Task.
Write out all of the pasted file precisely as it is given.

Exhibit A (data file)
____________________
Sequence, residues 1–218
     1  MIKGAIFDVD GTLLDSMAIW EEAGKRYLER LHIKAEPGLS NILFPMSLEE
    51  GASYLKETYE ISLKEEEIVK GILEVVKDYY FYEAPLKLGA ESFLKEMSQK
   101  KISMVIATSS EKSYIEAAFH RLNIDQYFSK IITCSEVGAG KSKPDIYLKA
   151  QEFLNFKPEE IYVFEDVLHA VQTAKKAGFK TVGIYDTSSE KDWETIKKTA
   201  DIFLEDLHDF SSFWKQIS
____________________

Sequence, residues 1–218
     1  MIKGAIFDVD GTLLDSMAIW EEAGKRYLER LHIKAEPGLS NILFPMSLEE
    51  GASYLKETYE ISLKEEEIVK GILEVVKDYY FYEAPLKLGA ESFLKEMSQK
   101  KISMVIATSS EKSYIEAAFH RLNIDQYFSK IITCSEVGAG KSKPDIYLKA
   151  QEFLNFKPEE IYVFEDVLHA VQTAKKAGFK TVGIYDTSSE KDWETIKKTA
   201  DIFLEDLHDF SSFWKQIS